As for the restrictions, Chan stressed that the law only prohibits international express companies from handling domestic documents. "I don’t think that will significantly affect transportation companies penetrating into the domestic express market because the parcel market is a huge market."
TNT North Asia Managing Director Michael Drake said that the new laws are aimed at domestic companies. He believes they will have little effect on the big four, whose primary business is international delivery. These four firms account for 80% of China’s international express delivery market.
"The delivery of domestic letters is not among the core services provided by foreign express service providers," added an external EUCCC consultant.
Even so, the organizations representing the international players have not altered their initial stance on the new legislation. They are also still petitioning the SPB on other issues plaguing the sector, such as inordinately burdensome bureaucratic procedures, heavy taxes and a lack of transparency.
The domestic services agree the rules are aimed at them. The general manager of domestic express delivery service An Xin Da Express, who gave his name as He, is concerned: "Express companies, including us, will suffer greatly. This will bring very bad consequences."
Still, the kuaidi’s pain is unlikely to be the international express companies’ gain. For one thing, it would take an enormous increase in costs before the small merchants would consider changing providers.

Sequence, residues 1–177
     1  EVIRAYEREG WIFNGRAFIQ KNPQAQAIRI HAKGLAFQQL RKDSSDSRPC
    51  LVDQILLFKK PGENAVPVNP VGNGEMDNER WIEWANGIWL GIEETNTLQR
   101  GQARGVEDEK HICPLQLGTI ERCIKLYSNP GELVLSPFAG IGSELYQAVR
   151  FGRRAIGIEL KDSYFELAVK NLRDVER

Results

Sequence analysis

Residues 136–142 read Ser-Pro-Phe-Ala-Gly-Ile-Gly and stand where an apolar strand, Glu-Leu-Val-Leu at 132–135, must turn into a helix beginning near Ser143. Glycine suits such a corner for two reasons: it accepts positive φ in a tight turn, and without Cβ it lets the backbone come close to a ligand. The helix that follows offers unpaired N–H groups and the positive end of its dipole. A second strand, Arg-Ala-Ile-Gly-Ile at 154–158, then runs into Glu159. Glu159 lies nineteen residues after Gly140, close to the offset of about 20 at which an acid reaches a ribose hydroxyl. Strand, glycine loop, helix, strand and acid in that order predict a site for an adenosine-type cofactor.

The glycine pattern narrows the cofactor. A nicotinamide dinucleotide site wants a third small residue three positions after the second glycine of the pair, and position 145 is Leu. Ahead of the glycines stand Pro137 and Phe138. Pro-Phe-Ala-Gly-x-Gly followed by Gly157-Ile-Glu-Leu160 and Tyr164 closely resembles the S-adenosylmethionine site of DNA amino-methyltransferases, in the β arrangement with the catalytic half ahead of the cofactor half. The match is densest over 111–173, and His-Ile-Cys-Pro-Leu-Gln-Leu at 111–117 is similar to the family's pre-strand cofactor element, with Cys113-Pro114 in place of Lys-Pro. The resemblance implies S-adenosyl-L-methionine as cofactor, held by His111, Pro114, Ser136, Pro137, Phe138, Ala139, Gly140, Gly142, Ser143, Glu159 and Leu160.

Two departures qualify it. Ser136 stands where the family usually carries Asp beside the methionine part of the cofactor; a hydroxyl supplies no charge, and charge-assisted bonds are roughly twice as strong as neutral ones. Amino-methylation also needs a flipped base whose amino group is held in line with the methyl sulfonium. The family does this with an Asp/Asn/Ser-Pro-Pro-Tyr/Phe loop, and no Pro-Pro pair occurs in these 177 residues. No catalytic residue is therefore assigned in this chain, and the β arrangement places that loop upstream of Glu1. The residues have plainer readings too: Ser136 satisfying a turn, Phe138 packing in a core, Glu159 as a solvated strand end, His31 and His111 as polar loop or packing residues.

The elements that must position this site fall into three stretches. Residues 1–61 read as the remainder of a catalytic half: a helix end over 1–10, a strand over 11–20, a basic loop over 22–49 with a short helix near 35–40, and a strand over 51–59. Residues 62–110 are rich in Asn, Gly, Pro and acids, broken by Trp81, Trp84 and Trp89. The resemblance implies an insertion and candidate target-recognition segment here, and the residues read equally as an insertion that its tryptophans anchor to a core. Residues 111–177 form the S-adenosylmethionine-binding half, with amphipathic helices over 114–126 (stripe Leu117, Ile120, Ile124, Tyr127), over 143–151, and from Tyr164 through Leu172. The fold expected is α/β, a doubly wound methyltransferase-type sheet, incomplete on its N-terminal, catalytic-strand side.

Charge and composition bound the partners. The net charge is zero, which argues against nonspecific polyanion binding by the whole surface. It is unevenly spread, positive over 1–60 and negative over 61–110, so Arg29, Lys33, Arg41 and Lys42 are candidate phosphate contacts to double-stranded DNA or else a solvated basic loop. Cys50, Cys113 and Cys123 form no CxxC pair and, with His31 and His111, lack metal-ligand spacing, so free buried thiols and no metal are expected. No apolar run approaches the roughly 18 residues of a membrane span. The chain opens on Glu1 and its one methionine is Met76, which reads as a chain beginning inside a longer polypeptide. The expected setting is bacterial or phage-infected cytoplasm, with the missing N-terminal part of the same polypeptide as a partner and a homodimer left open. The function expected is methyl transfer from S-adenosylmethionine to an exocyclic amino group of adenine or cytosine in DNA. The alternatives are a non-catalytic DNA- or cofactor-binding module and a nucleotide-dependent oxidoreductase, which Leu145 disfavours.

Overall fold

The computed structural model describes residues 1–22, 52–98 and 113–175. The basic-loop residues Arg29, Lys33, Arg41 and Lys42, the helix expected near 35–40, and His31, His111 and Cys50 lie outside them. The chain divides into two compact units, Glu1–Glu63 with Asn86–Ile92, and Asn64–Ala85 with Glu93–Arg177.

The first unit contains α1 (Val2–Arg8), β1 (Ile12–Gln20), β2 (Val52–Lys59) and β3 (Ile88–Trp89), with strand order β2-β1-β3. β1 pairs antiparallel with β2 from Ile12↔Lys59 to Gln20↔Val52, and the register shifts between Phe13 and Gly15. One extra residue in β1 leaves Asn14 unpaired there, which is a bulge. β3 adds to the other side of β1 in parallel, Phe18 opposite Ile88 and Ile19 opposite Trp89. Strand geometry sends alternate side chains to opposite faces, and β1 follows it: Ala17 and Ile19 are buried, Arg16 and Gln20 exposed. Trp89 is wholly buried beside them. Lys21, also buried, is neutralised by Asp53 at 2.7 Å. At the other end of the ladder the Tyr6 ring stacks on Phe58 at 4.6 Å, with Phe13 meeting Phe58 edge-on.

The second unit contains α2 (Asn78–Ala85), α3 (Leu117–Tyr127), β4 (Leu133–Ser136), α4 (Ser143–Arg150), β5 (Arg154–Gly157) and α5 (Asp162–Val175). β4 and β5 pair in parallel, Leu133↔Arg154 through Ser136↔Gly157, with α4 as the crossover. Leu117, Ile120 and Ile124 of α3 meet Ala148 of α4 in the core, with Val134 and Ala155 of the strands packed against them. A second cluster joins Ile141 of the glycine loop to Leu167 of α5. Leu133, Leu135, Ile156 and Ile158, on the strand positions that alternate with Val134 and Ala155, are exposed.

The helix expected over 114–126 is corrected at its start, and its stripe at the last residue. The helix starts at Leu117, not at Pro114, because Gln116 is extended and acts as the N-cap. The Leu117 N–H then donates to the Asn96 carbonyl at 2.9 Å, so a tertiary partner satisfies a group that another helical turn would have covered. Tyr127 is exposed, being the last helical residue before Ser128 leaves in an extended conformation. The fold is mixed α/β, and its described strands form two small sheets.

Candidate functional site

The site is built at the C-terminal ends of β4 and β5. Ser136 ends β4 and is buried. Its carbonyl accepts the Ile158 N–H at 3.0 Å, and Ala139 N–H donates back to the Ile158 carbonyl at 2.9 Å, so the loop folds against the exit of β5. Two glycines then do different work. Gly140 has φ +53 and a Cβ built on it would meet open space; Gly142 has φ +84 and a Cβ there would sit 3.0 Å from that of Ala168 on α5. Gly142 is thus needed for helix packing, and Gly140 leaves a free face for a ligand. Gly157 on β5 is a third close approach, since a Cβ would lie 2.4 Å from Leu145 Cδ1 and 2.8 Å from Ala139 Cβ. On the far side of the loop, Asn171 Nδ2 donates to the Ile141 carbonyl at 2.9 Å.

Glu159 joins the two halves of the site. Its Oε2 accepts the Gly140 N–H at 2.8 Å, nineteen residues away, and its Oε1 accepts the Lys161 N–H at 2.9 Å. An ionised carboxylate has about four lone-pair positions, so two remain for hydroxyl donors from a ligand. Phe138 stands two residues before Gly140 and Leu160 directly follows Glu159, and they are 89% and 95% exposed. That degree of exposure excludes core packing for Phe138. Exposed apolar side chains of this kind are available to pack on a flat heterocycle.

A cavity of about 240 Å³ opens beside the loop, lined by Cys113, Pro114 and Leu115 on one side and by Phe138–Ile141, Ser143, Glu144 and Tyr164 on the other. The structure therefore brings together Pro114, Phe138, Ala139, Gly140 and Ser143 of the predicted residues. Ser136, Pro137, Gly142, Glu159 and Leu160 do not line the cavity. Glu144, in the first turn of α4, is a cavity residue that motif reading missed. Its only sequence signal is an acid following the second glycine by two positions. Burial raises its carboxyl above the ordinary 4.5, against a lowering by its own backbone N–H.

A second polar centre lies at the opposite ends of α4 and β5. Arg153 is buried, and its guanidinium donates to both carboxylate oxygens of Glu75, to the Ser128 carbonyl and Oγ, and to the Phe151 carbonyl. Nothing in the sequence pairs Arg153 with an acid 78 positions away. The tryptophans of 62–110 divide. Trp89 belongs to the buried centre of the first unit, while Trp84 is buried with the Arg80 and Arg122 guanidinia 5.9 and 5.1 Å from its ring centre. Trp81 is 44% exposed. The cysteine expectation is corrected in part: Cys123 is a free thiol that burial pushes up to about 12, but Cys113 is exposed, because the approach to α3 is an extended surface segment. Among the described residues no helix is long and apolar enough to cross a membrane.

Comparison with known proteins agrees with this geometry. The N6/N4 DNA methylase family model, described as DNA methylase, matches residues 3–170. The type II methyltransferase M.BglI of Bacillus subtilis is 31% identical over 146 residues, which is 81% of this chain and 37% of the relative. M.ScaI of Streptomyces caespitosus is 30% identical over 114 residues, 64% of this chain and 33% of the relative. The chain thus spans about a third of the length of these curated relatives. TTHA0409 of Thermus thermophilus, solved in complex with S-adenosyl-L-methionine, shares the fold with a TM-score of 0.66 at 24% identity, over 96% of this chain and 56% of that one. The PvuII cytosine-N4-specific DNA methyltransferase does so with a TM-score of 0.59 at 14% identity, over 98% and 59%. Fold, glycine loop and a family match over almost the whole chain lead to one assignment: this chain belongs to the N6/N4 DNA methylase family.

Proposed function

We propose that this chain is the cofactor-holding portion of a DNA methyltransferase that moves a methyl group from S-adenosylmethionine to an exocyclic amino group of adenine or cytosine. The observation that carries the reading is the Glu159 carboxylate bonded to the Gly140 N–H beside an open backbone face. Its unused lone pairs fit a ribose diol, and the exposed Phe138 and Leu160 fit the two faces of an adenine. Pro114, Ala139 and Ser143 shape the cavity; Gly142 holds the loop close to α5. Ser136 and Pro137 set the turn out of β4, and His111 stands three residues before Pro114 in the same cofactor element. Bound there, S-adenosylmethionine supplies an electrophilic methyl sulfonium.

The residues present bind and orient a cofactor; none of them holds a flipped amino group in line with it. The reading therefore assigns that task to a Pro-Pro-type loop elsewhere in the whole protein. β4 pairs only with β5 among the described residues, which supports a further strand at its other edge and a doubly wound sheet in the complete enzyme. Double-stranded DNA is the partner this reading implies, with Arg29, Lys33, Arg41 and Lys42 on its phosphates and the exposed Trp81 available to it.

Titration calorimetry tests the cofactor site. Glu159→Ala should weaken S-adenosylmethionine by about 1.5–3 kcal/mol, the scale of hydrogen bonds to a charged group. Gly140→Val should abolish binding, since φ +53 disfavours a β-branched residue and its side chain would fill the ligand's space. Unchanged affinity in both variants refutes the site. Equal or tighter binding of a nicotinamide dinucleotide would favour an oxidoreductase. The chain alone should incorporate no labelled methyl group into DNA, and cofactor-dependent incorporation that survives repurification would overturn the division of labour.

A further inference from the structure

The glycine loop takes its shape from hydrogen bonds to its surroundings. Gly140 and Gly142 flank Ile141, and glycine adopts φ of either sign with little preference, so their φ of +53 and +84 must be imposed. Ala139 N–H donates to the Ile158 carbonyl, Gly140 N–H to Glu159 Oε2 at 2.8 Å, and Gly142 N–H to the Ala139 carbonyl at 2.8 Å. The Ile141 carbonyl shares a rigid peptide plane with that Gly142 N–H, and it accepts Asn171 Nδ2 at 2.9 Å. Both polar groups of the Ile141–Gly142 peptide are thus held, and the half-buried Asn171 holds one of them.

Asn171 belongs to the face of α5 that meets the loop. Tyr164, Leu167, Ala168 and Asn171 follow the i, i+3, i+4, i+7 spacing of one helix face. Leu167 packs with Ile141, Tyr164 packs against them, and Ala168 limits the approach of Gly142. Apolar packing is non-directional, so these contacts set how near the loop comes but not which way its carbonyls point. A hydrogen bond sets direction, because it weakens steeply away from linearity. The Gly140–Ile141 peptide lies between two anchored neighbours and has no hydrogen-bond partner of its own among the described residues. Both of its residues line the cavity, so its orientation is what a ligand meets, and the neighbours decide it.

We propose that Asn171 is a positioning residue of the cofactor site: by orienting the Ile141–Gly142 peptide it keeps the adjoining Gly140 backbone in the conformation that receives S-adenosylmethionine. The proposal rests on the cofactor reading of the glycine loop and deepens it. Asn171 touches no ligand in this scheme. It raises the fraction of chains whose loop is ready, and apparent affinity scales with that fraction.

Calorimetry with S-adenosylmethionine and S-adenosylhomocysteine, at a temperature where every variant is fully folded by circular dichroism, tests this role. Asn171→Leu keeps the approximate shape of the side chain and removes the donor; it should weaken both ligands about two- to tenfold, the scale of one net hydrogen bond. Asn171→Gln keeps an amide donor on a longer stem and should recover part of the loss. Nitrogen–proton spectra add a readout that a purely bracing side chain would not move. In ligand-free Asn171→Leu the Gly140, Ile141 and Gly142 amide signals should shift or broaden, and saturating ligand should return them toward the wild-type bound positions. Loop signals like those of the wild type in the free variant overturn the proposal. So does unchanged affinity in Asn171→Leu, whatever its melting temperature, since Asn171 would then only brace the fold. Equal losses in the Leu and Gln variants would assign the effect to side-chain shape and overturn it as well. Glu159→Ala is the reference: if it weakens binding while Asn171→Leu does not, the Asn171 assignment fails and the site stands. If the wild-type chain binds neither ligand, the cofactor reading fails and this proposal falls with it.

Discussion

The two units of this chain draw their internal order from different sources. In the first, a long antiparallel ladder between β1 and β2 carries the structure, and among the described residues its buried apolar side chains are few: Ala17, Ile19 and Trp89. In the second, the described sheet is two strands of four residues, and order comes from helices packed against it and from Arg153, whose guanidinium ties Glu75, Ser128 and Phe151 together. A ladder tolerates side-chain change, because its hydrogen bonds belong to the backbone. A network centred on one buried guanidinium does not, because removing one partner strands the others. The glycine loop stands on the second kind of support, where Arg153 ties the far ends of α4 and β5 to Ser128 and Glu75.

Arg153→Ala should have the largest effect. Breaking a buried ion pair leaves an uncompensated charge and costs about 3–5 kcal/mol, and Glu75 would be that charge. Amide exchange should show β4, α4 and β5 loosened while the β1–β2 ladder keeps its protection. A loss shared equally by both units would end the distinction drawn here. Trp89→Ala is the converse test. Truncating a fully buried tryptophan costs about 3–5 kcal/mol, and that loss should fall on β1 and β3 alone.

For example, He Ping sells clothes on Taobao and is unhappy about the domestic service providers. While she has never had to file for compensation, she still complains of inconsistent service. "There are many companies that deliver, but the quality of the personnel varies from region to region," she said.
But if she wants to increase the likelihood that the goods will arrive intact, she knows her customers won’t want to pay extra for it.
"It’s the customer that pays for delivery, so they want the cheaper prices as well," she said. "But the Chinese companies don’t guarantee the delivery arrives intact … even if I am willing to pay extra. For those goods which are very expensive we deal with [China Post’s Express Mail Service] EMS, but EMS is much more expensive than the other private companies."
For foreign firms, the price difference is even more significant. Kuaidi companies offer their services for as little as RMB5-10 (US$0.73-US$1.46) for next-day or same-day deliveries within the same city. FedEx shipping rates begin at twice that amount.
As far as most of the international express services concerned, though, price isn’t really an area of competition.
"FedEx focuses more on those high-value goods purchases," said Chan. "With that, the customer may pay a premium, but in return they can get guaranteed service … The transportation cost is not important [to high-end customers]."
The foreign firms also focus on the most developed portions of the country. Richard Brubaker, founder and managing director of consultancy China Strategic Development Partners, said even though domestic customers will sometimes use foreign companies for security, their limited geographic reach remains a liability – and a missed opportunity.
In the long run, the effects of the policy will be mixed. In the short term, however, little is likely to change on the ground. Even though the new rules have already formally passed into law, they will take a while to become effective. According to state media, the SPB will give firms a year to raise funds and standards before enforcing the new regulations.
Until then, shipping costs may remain relatively stable. But given the kuaidi’s thin margins, the costs of quality control will most likely be passed down to consumers. Shipping packages and shopping online are about to get more expensive.